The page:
As gathered, the Schedule Officer ran probably to call the State Coordinator, Mrs. I.B. Ekpe, when the commandant was purportedly beating the corps member.
But Mercy woke up at the camp clinic the following morning with excruciating pains.
Later that day, she was transferred to the Anambra State University Teaching Hospital, Awka.
Mr. Solomon Okpithe, Mercy’s father, said an official of the NYSC called him on phone in the afternoon of Tuesday, March 19, telling him that Mercy was involved in an accident and that he should come to Awka immediately.
The official, he disclosed, told him to come with somebody who would stay in the teaching hospital to take care of Mercy.
When he got to the hospital with his wife at about 12:30p.m the following day, they were shocked to hear that she was brutalised by the camp commandant.
Okpithe said the first thing that came to his mind was how to save his daughter’s life. He sought to see the Chief Medical Director (CMD) of the teaching hospital but could not see him until about 7:00p.m when he came out from the theatre.
“I asked the CMD about my daughter’s condition, but he said the hospital could not handle it and he would refer her to Enugu. I told him that I was from Lagos and asked if he could refer her to any hospital in Lagos. Then, he said he would refer her to Igbobi. Immediately, he instructed the doctor that was in charge to write the letter.
“On Thursday morning, we were at Igbobi. The doctors at the hospital tried but the sad thing is that they told us they could not handle it too. They said it’s not just an orthopaedic case but something that has to do with the spine. They treated her and asked us to take her home. Then, they gave an appointment,” he said.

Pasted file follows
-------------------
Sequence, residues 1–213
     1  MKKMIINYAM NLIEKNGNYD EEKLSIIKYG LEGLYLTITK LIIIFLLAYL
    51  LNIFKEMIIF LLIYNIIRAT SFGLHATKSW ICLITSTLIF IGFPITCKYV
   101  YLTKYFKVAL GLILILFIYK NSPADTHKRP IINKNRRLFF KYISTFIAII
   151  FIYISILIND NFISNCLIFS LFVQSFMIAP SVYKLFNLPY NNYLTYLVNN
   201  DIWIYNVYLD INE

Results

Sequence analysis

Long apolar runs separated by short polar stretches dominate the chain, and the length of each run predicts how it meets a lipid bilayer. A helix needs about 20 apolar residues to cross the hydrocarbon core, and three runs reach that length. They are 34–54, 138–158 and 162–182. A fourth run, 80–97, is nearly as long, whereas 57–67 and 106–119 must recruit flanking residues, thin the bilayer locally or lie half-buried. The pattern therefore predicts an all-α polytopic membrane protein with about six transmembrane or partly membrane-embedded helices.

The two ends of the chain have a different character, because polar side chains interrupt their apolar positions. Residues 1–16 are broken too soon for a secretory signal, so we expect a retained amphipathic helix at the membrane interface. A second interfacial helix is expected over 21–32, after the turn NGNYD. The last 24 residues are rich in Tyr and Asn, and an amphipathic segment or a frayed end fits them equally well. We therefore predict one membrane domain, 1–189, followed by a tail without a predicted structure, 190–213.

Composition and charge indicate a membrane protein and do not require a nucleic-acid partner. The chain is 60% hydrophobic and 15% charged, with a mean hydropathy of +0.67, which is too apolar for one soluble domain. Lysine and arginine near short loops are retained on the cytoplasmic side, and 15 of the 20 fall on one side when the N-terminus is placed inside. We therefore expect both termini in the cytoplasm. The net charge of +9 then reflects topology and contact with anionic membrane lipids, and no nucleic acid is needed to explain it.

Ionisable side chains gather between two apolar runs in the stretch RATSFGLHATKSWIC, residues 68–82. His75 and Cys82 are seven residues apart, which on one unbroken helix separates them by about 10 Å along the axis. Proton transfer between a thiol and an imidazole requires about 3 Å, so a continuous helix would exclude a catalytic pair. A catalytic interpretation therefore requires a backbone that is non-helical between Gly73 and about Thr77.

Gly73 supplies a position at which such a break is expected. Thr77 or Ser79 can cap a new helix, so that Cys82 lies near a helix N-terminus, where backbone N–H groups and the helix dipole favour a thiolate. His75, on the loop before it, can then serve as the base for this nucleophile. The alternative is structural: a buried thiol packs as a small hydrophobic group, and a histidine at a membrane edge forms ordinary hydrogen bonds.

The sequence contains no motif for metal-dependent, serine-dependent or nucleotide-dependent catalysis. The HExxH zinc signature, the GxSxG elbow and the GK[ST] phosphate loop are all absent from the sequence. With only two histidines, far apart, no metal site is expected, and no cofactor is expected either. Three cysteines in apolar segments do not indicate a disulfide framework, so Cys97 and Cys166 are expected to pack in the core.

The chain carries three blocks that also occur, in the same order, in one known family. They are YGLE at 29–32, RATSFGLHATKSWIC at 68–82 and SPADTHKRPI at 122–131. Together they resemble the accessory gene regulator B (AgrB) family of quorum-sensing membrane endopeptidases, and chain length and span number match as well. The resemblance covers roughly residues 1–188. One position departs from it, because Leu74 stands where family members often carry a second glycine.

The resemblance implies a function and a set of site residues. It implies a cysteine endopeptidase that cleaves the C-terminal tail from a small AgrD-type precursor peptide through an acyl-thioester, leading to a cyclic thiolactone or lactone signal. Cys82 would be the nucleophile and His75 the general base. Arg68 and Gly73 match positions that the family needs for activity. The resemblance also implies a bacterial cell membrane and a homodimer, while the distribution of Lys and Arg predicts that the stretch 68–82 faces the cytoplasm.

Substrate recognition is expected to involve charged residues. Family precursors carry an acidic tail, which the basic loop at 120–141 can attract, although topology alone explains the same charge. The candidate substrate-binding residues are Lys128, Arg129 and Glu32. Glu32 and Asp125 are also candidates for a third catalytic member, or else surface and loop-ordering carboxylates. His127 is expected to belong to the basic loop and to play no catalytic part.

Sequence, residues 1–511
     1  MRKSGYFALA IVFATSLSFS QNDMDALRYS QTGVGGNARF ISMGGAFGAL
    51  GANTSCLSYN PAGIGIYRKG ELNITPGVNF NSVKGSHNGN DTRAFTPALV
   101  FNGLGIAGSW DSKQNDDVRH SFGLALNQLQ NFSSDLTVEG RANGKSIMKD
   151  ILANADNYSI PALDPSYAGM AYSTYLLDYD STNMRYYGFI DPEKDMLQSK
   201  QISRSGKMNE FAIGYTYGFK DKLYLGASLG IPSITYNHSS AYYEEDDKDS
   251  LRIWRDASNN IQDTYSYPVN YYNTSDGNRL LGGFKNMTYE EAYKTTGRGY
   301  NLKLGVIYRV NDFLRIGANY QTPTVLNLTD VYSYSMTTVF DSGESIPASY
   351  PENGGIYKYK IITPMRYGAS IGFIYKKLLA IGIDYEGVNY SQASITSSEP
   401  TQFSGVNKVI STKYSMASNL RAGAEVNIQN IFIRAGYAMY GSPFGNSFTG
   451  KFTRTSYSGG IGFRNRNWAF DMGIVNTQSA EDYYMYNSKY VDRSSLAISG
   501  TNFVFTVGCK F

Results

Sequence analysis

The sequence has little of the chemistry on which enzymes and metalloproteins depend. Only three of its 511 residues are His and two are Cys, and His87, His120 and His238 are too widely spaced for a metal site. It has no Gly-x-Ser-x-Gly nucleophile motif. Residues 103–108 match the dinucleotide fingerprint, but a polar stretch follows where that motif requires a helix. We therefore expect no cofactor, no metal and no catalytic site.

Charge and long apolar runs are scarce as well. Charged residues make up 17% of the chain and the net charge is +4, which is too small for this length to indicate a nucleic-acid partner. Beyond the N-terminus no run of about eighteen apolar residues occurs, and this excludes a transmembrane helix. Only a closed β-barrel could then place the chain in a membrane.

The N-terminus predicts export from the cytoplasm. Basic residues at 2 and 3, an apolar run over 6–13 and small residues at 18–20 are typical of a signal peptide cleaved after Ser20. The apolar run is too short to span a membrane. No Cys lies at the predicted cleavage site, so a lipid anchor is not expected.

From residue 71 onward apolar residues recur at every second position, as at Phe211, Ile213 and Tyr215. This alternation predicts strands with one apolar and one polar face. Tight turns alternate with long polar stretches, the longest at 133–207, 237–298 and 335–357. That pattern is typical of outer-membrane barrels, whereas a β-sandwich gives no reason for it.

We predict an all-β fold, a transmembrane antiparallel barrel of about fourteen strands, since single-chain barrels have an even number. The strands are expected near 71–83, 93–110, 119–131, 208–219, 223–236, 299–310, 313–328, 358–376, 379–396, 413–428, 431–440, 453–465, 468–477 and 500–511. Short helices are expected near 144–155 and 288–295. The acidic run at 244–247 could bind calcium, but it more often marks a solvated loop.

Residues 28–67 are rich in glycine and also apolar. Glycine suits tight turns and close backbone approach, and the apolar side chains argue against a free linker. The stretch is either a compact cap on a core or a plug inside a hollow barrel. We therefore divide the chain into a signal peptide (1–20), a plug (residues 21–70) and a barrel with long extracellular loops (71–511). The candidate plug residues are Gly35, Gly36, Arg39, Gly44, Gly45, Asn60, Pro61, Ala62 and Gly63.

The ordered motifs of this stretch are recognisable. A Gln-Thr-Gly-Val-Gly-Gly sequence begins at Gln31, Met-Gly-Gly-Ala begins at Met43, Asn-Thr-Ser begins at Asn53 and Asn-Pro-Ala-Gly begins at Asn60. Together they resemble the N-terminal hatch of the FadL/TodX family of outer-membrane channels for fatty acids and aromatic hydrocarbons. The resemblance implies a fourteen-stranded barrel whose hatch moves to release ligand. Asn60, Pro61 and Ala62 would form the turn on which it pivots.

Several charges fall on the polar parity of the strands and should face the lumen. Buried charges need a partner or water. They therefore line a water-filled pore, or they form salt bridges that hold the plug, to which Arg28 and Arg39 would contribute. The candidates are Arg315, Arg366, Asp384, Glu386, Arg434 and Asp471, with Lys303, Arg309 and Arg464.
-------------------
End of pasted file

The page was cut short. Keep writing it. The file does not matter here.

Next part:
On the next appointment day, according to Okpithe, the hospital said the first option, which was the treatment by orthopaedic doctors, had failed.
“They said they were taking another option now and if it fails, the third option would be a surgery.”
Okpithe, who has since been responsible for his daughter’s hospital bills, disclosed that Mrs. Ekpe promised the family that NYSC would reinburse whatever amount spent on the treatment, adding that Ekpe said she had informed the national secretariat of NYSC in Abuja about the development and had also written a letter to the NYSC in Lagos State about the incident.
“I have received calls from one Mrs. Daniel from the NYSC Office, Lagos, telling me I should accept their sympathy on my daughter. But on the other hand, Mrs Ekpe never stated the cause of the dislocation. I know she’s doing that to protect the officer.” Okpithe, an engineer, urged the Chief of Army Staff to ensure proper reform of the army, especially those in charge of NYSC.
He also advised the Federal Government to provide necessary items for corps members on the camp. The issue of inadequate mattresses, he said, caused the problem. When contacted on phone to react to the claims, Captain Beke neither confirmed nor denied the incident.
He only asked if the story would be published in Daily Sun, and when the reporter answered in the affirmative, the officer paused and said he would call back. But he never did. Further efforts to reach him failed as the phone was switched off.
When the reporter was eventually through to him, Captain Beke directed the correspondent to contact NYSC for any comment. “I am not NYSC,” he asserted.